A few years ago the popular BBC television show ‘Top Gear’ compared the fuel efficiency of a diesel powered car to a popular hybrid powered model such as the Toyota Prius. The Prius lost the contest. Indeed, in Europe diesel cars have never been more popular as gasoline prices remain at all time highs. In North America, the price difference between diesel fuel and regular gasoline is minimal and the European success of the diesel powered automobile has failed to repeat itself on the western side of the Atlantic Ocean, yet, even in North America, diesel cars are sold on their merits for fuel efficiency, long range and environmental sustainability and they have proven to be tough competitors for hybrid and full electric vehicle (EV) alternatives. Nevertheless, the competition may soon skew in favor of hybrids and EV’s. Indeed, improved battery technology and faster recharging times have contributed to a much improved efficiency and practicality for EV’s as a recently published World Health Organization (WHO) report states that the exhaust from diesel powered engines can cause deadly forms of cancer. These findings are sure to attract a lot of attention – negative attention in the case of many popular diesel vehicles. One of the main effects of the WHO report will be to increase demand for alternative energy sources and, therefore, graphite.
The WHO, now, officially categorizes diesel exhaust, heavy is sulfates and soot, as a carcinogen. Although, modern diesels are much cleaner burning thanks to computer controlled engine management systems and the use of special materials in the catalytic exhaust systems (including rare metals), the WHO report has dealt a virtual ‘black eye’ blow to diesel’s clean and ‘green’ image. The implications of the WHO report are even greater in the developing world, where car ownerships is growing fastest and where environmental regulations are far looser than in the OECD countries. These markets could indeed fast-track their transportation evolution toward electric vehicles. In addition, diesel engines dominate heavy transportation; they are used in trucks, ships and train locomotives. The variety of diesel fuel used in the latter is typically much dirtier than what is available at the local pump; it is heavy unfiltered bunker fuel and it is very rich in toxic materials.
The formalization of diesel fuel exhaust as a carcinogen will doubtless lead to stricter regulations, aiming both toward the use of advanced technology to reduce the amount of cancer causing materials and toward the adoption of alternative propulsion, more than likely based on batteries, in hybrid or pure electricity platforms. The world can expect a significant boost for battery power technologies, aided also by the fact that the technology for much faster charging systems and longer lasting more efficient batteries is already available. Hybrid and fully electric trucks will be rolling down the highways making the Detroit Diesel powered giants a thing of the past. Hybrid powered cruise ships have already docked at your favorite Mediterranean port: Mega Crown International Cruise Lines, LLP, launched the ‘Ibrido’ a hybrid powered cruise ship, incorporating both diesel and electrically powered engines. Nissan has unveiled a hybrid -electric solar powered cargo ship and even the US military has warmed to the idea (for strategic reasons: more efficiency means more time at sea and in action) with a hybrid aircrfat carrier.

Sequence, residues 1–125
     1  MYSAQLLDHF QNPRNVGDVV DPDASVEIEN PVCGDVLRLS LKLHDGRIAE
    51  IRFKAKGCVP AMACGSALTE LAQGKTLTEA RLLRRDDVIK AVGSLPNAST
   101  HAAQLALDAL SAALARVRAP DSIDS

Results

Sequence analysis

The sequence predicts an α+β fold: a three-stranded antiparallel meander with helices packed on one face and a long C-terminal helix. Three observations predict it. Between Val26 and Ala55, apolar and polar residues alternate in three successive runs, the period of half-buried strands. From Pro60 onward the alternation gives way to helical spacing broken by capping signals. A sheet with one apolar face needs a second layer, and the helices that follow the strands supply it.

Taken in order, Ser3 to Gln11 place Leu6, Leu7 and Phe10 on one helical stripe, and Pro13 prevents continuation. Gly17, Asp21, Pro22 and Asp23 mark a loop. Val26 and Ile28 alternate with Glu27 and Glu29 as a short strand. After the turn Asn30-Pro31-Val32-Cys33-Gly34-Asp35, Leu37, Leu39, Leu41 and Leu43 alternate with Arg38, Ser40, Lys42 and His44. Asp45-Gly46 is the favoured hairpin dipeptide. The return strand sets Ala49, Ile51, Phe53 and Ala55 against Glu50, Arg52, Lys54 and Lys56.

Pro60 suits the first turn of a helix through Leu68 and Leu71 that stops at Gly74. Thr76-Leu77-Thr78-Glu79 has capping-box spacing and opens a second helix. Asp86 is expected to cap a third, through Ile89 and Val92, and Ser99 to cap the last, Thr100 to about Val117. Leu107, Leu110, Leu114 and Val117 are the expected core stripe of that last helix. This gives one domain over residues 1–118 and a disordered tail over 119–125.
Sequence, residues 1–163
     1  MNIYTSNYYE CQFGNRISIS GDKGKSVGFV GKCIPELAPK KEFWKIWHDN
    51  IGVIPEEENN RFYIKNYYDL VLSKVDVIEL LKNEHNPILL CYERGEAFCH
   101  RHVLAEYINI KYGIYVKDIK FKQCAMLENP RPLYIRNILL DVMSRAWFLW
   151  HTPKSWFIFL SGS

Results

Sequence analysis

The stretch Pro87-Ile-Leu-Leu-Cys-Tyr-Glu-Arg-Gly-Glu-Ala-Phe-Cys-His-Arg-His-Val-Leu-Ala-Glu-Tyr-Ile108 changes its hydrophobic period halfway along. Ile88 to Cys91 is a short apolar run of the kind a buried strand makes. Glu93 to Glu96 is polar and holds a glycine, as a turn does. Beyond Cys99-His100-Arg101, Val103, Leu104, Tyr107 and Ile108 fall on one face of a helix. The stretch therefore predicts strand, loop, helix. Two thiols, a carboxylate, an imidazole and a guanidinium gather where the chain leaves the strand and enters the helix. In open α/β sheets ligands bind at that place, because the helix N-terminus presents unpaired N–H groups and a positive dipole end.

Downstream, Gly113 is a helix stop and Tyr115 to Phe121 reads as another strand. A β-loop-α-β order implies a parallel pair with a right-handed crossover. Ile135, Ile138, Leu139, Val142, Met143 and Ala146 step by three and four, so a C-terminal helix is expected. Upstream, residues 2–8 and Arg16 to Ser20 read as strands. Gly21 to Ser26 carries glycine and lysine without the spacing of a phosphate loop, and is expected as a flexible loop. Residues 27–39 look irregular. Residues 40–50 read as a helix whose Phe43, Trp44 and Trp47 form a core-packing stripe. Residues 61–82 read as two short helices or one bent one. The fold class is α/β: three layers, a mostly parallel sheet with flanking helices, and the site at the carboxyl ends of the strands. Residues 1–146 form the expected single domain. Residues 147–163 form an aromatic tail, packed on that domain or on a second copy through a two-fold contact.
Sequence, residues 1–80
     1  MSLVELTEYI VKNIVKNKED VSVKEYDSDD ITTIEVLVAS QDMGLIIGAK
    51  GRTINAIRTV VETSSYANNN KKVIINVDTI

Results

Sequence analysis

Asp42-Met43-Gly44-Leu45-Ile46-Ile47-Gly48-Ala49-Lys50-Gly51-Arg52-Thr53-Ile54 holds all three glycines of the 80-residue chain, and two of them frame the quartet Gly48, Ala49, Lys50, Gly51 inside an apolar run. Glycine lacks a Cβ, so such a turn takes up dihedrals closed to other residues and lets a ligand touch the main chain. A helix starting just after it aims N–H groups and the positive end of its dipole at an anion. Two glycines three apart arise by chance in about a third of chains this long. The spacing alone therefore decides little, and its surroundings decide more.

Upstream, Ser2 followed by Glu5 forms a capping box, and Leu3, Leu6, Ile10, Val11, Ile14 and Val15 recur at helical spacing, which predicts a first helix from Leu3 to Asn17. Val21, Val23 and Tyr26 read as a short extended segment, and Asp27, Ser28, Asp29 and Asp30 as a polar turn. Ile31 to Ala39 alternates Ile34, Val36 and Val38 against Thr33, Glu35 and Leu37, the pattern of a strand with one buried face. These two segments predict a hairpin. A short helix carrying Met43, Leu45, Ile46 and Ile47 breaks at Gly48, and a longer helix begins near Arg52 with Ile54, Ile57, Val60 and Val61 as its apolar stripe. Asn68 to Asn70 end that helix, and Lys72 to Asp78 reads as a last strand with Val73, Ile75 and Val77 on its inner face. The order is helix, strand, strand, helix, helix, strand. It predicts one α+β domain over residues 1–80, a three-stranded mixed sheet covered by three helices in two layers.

These technological developments, all of which ‘around the corner’, will necessarily rely on abundant sources of high quality graphite. Electric vehicles are no longer limited by the range of its battery and by battery charging times, which has delayed the establishment of battery recharging infrastructure. Technology can sometimes accelerate progress beyond our most optimistic expectations. In the case of electric vehicles, there have been radical changes to Li-ion battery technology, which is one of the driving forces behind the sustained demand for graphite and why graphite has been placed on the strategic resource list by governments in the United States and the European Union. Some of the world’s largest automotive companies, including Audi, BMW, Chrysler, Daimler, Fiat, Ford, General Motors, Porsche, and Volkswagen are ready to unveil the DC-fast charging with a Combined Charging System, which uses a universal vehicle inlet integrating one-phase AC-charging, fast three-phase AC-charging, DC-charging, and ultra-fast DC-charging. The system is capable of recharging an electric car with current battery technology in 20 minutes – some say 15 minutes. Hydro Quebec is preparing to unveil fast charging systems that rival the time needed to fill a car at the pump – five minutes!
The prospect of convenient re-charging times, which may drop to the amount of time required to fill up a tank with gasoline in a gas powered engine will further boost battery evolution and demand for graphite, especially the high purity varieties from jumbo flake to the rare vein or Sri-Lankan variety. Indeed, battery chemistry will determine the feasibility of frequent recharging. Apart from the new battery ‘technology’ side of graphite utilization, there are still the more traditional sectors that will contribute to less polluting transportation thanks to graphite, which has been already used in steel manufacturing, to lubricants and composite materials – increasingly used by the aerospace and automobile industry to reduce weight in all structural and mechanical components.